It took the Wachowski siblings and Tykwer four years to bring this project to fruition, which resulted in a 3 hour epic that crosses different genres from drama to science fiction. But in spite of the travails of marching down such a thorny path to reach this goal, the filmmakers say that it was the best fun they have ever had.
Upon completing the project, the Wachowski siblings, who had refrained from appearing publicly during their career, avoiding premieres and screenings of their movies, were dreaded by the spectre of facing the world to promote their new masterpiece.
“Anonymity is a very precious and beautiful commodity in your life because it allows you to access a way of being in the world, a way of being with other people that you can’t access, that’s denied to you if you are not anonymous,” says 47-year-old Lana.
There are more profound reasons for the siblings’ reluctance to show up in public. “I resent the fact that not only do I have to write the movie and make it and cut it, I’ve got to explain it?” 44-year-old Andy complains, as he bangs the table laughing. “Film is a social art form. It’s a statement to us to not take a ‘film by’ credit because we feel it discredits everybody who works on the movie.”
Nonetheless, inspired by their new partner Tykwer and the novelist Mitchell, who relish speaking in public, the siblings eventually came to terms with the need to engage with people, who are trying to understand their art.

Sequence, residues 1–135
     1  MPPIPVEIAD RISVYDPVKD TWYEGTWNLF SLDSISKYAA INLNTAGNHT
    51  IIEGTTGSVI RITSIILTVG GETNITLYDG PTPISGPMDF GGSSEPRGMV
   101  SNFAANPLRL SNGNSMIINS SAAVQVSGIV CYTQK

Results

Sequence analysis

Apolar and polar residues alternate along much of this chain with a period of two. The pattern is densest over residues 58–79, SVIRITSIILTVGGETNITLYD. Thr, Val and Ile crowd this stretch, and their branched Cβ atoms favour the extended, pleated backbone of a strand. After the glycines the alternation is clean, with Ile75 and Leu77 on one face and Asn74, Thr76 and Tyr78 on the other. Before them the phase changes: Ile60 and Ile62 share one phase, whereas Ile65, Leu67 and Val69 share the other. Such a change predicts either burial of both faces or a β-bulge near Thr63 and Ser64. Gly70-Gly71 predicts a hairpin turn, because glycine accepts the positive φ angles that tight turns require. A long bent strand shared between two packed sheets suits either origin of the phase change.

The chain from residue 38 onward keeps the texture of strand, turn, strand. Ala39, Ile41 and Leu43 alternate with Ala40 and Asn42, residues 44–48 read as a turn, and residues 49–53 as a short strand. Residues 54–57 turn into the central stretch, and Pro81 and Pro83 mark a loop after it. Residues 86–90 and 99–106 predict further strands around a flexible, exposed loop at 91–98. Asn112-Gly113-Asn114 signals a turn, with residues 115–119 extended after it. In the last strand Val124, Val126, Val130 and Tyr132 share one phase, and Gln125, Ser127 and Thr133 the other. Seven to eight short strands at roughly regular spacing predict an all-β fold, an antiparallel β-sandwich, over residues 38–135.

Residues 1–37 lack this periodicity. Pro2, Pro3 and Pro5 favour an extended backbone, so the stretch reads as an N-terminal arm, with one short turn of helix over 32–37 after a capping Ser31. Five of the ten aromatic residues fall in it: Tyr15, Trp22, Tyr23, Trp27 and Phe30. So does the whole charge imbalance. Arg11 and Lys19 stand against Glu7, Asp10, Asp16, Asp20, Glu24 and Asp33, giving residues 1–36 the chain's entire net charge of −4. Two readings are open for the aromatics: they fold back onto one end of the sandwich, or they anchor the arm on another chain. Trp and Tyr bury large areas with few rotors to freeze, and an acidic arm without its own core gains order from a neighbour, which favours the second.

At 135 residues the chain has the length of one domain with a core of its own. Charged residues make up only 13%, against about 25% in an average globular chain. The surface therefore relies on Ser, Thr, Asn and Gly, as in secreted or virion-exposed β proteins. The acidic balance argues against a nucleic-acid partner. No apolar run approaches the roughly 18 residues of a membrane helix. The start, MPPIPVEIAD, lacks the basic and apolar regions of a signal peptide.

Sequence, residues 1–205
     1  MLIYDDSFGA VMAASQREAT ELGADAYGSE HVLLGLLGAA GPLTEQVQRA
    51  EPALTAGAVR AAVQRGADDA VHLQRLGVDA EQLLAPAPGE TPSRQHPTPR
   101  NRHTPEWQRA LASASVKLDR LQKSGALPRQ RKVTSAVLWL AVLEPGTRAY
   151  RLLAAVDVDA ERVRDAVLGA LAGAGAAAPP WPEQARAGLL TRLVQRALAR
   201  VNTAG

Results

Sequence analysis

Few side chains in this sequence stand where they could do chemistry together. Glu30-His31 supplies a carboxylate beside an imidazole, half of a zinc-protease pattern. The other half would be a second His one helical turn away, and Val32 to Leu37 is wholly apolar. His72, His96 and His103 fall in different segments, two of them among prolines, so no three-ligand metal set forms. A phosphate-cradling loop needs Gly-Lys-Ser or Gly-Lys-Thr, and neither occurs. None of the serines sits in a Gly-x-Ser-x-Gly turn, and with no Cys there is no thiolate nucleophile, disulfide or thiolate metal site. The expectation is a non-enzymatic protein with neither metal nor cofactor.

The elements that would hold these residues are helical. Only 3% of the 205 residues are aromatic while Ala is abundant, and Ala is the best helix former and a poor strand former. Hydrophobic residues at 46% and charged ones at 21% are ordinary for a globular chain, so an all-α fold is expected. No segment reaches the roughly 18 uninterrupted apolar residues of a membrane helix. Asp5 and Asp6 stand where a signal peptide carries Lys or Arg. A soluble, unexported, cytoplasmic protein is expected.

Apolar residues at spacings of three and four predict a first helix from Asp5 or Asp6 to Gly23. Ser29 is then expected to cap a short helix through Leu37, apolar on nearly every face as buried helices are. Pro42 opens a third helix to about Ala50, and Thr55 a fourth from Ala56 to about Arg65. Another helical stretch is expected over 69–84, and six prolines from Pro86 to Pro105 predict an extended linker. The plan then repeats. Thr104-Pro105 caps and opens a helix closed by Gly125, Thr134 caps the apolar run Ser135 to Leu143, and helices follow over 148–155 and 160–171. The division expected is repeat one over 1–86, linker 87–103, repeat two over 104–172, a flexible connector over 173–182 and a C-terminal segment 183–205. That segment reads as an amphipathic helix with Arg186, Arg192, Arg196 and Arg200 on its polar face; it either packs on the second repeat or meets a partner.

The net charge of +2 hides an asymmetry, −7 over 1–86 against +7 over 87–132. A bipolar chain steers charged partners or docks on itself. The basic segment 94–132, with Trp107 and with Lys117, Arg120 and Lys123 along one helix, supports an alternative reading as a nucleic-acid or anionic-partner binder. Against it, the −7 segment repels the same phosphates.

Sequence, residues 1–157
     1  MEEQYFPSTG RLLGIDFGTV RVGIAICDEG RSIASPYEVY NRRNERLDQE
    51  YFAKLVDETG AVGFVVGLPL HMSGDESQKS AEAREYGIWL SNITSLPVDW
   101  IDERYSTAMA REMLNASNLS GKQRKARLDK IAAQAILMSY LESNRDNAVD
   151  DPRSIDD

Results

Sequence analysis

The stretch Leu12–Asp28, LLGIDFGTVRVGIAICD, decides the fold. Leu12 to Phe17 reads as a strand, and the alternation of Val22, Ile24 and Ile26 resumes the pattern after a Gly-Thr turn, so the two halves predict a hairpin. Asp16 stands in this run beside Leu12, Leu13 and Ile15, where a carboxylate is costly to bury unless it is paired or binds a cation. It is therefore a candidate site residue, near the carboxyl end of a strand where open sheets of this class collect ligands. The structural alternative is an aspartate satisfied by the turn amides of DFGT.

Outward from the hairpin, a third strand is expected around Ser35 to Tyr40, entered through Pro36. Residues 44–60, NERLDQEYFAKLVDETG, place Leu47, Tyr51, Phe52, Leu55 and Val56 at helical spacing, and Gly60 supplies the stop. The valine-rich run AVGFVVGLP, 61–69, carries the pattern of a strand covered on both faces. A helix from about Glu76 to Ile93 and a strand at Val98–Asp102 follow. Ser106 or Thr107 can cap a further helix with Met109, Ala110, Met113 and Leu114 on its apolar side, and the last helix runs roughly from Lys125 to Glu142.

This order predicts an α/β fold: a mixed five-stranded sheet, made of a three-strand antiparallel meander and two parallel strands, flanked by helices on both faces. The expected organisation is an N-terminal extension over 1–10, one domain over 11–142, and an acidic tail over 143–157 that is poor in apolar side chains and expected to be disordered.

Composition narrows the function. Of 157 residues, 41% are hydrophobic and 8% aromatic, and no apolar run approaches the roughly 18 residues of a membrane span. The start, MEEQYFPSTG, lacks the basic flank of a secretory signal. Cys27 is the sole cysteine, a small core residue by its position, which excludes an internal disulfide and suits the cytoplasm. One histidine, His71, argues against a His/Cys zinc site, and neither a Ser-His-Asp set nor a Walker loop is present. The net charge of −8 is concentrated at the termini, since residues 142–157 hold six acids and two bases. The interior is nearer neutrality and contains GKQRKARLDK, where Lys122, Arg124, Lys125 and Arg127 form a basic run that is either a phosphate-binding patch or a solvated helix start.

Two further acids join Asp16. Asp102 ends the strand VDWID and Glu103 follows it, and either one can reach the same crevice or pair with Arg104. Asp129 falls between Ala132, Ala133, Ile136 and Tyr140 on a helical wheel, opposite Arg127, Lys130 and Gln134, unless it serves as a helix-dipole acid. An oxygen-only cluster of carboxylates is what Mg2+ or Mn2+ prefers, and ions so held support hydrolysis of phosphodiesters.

Lana, who only recently has completed her transformation from a man, Larry, to a woman, was also asked by the GBLT to go public to alleviate the fear and suspicion that society holds against transgenders, which she thought was a worthy cause. “I did feel responsibility to be more public and maybe try to dispel some of the fears that people have around people like me,” says Lana, who looks and sounds convincingly a woman, with dyed pink hair styled in small dreadlocks and a feminine soft voice.
Feeling like a girl trapped in a boy’s body from a young age, Lana embarked on changing her sex in 2002 after falling in love with dominatrix Ilsa Strix. In 2003, she divorced her college sweetheart Thea Bloom, and later married Strix.
Speaking to the Wachowski siblings is a fascinating experience. The profoundity and depth of their thinking, the felicity of their expression and the gregariousness of their personalities is a true reflection of the thematic complexity and magical nature of their movies. It’s evident that Lana, who has successfully shed all manly manners, is the intellectual mind in the duo and Andy, who occasionally bursts with terse statement coloured with dry humour, seems to agree with everything she says.